The job of a salesperson is becoming more demanding—and customers are demanding more. These expectations point to the need for enablement programs that promote sales effectiveness and drive customer centric selling, not only from the product point of view but from the customer’s.
In other words, being customer-centric means focusing on customers, not products.
What does it mean to be customer-centric? Here is the shortlist of expectations customers have when talking with salespeople and customer-facing teams.
Buyer Expectation #1: “Take More Responsibility”
Buyers expected to make correct purchasing decisions want salespeople who work as partners to help them achieve business results. Buyers are now demanding an understanding of their business, objective interpretation of their needs, and a more clear translation into implementation actions. Due to the evolution of buyer expectations, successful sales professionals’ knowledge, skills, and attitudes are changing. Whereas in earlier times, salespeople were valued primarily for their persuasiveness and persistence, their abilities now must tend toward strategic thinking, problem-solving, active listening, and so forth.
Salespeople are under increased pressure to attain not only the goals of the selling organization but also the goals of the buying organization. Increasingly, they must accept responsibility for ensuring success on both sides of the transaction. Yet, when we dig into existing sales training, gaps exist in content and delivery. This presents a challenge, as salespeople need to become better problem-solvers rather than pushers of off-the-shelf solutions.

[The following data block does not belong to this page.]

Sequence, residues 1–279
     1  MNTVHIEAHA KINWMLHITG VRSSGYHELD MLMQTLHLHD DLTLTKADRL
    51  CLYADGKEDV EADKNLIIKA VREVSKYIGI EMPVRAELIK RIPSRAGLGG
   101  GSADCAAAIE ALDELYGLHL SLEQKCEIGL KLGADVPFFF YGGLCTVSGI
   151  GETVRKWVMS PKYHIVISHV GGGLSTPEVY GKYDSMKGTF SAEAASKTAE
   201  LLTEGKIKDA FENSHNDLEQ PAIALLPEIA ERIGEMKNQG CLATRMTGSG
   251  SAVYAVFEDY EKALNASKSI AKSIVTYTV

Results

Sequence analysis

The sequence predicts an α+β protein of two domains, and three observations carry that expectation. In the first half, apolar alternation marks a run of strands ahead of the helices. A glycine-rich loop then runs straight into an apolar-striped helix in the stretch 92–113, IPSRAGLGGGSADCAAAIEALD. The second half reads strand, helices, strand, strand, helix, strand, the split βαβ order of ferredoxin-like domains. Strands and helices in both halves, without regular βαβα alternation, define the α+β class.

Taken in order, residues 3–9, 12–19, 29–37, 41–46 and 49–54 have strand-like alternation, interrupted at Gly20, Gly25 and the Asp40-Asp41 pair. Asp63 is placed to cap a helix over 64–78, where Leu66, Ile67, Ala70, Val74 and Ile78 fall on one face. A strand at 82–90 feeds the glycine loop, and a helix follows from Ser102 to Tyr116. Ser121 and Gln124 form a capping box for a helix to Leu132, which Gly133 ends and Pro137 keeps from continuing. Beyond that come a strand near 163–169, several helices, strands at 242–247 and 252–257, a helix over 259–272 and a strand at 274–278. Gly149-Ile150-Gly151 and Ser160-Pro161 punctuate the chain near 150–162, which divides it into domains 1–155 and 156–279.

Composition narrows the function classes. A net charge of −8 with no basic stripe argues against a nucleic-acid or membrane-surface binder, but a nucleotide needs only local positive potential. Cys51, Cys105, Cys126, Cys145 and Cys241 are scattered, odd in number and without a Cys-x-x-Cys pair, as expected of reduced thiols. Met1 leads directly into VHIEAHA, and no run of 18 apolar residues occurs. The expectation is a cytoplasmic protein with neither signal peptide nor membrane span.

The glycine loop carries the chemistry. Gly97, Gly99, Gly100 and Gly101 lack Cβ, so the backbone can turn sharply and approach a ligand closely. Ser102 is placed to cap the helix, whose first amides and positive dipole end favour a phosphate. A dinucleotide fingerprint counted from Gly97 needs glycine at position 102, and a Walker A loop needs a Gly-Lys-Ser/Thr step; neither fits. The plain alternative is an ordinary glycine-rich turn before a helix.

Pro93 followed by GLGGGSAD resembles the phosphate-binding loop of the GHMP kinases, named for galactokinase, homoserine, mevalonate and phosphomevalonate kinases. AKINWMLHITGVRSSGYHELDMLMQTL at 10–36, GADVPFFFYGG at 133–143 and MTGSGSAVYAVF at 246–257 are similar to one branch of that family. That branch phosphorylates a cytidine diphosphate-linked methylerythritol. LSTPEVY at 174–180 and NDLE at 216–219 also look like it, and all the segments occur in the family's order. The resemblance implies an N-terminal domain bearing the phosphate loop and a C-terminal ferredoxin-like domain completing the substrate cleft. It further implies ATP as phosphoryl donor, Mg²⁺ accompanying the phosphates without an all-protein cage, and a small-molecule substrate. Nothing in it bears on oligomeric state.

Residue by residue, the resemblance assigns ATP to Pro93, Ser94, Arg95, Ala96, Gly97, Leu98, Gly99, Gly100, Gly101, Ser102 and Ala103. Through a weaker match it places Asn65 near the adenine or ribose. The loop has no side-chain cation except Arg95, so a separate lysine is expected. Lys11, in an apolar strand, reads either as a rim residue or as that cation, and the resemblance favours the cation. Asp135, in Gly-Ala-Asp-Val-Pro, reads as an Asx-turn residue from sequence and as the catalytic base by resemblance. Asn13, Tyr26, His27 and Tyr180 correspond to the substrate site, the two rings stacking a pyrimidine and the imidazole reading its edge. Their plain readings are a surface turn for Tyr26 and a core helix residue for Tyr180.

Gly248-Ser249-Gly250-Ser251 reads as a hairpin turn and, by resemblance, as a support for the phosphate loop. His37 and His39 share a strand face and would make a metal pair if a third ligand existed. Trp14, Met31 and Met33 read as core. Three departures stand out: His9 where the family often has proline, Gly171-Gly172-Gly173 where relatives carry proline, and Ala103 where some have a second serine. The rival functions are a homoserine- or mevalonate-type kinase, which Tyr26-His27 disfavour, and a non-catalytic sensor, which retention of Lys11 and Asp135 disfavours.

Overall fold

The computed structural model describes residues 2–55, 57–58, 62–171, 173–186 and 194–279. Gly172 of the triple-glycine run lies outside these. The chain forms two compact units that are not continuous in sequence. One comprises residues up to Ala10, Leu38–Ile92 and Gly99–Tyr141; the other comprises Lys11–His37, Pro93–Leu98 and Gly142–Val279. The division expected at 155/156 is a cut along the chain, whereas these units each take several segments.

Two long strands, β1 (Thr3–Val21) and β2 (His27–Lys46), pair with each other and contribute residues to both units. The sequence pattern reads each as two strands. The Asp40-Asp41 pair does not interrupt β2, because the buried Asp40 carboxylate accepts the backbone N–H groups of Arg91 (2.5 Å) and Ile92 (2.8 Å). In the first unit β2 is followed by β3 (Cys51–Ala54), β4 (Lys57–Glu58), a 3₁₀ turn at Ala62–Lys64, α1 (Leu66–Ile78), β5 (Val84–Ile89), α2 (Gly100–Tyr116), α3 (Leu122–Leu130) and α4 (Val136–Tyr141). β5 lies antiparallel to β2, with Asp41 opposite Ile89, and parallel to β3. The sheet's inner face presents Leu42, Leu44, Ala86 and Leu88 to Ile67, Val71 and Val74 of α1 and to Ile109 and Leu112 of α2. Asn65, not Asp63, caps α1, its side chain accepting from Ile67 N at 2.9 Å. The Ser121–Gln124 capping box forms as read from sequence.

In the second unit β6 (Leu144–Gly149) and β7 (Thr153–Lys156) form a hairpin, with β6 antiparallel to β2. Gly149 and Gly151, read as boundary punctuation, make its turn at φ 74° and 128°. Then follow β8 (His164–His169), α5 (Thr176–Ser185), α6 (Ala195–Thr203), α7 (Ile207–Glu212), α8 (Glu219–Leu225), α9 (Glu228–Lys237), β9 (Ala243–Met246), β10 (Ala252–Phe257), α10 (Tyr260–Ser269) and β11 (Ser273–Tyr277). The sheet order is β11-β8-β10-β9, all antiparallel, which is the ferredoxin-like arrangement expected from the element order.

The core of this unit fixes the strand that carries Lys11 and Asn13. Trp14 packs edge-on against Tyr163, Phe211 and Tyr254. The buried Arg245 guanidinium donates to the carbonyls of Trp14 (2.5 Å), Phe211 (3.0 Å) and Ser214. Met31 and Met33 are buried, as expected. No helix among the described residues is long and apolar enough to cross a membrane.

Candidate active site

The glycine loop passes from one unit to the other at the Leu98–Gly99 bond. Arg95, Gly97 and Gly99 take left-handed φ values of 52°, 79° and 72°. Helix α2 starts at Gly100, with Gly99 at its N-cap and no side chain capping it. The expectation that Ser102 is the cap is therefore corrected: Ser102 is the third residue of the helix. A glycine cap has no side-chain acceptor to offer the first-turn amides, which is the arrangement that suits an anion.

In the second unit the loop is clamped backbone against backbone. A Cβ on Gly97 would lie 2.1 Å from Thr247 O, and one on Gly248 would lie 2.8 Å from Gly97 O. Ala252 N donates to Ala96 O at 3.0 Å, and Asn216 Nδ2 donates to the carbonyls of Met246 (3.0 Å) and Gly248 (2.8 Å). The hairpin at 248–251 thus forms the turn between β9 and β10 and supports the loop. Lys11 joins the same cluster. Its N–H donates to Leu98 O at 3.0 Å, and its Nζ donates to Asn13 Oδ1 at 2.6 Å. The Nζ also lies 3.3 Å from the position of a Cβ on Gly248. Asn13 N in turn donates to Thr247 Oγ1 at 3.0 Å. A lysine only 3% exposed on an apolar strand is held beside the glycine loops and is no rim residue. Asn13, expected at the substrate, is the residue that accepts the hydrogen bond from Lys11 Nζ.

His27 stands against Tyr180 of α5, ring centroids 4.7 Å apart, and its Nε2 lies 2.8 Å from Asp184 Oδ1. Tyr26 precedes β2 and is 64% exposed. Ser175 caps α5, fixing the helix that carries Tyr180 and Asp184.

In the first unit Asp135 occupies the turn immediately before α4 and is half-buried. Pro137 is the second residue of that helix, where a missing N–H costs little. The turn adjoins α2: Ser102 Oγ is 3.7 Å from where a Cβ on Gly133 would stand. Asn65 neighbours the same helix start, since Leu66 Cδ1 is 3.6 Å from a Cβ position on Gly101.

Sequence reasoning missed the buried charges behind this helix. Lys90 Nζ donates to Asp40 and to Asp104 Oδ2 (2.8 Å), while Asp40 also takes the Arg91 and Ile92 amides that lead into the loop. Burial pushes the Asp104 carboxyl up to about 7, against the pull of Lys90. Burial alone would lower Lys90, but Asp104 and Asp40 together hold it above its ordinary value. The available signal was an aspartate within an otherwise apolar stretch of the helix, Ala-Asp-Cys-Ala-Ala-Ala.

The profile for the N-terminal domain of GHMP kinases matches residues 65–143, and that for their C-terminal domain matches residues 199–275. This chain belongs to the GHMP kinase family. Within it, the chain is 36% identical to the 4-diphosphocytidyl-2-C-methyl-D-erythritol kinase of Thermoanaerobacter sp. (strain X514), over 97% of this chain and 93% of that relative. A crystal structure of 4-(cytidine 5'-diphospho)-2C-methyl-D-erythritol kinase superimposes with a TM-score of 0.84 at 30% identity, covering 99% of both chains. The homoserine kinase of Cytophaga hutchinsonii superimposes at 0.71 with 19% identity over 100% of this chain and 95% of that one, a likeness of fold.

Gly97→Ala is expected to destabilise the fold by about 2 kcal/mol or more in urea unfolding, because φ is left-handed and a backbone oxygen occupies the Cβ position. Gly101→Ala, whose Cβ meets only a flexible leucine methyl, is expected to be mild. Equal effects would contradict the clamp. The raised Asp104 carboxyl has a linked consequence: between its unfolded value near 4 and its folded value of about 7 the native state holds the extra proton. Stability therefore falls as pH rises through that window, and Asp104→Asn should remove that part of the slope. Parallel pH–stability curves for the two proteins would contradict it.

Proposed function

Buyer Expectation #2: “Understand and Relate to Our Business”
Salespeople must continue to transition from transactional selling to relationship selling, adopting a true partnership mentality. More firms are striving to become trusted advisors to their customers. Salespeople must develop deeper relationships and a personal network within customer companies while also developing networks and expertise within their specific industry. Salespeople need to probe for problems, needs, and opportunities that are top-of-mind for the buyer” As a result, salespeople should recognize that their products, typically seen as an area of differentiation, may be viewed as commodities by buyers. The key to true differentiation is demonstrating how the product will solve the buyer’s business problems.
Buyer Expectation #3: “Be More Professional”
Historically, the roles of the salesperson and sales manager have focused on monthly or quarterly targets and results. As a result, many sales professionals are forced into a commodity-selling environment that is transactional rather than strategic or consultative. However, in today’s competitive landscape, sales professionals must maintain professionalism with buyers who may not have the same timeframe in mind or who may have strong negotiating skills. The salesperson must stay focused on delivering value to the buyer based on the buyer’s goals and objectives and can feel challenged by balancing revenue implications with ethical considerations while under pressure to meet short-term goals.
Buyer Expectation #4: “Listen to More”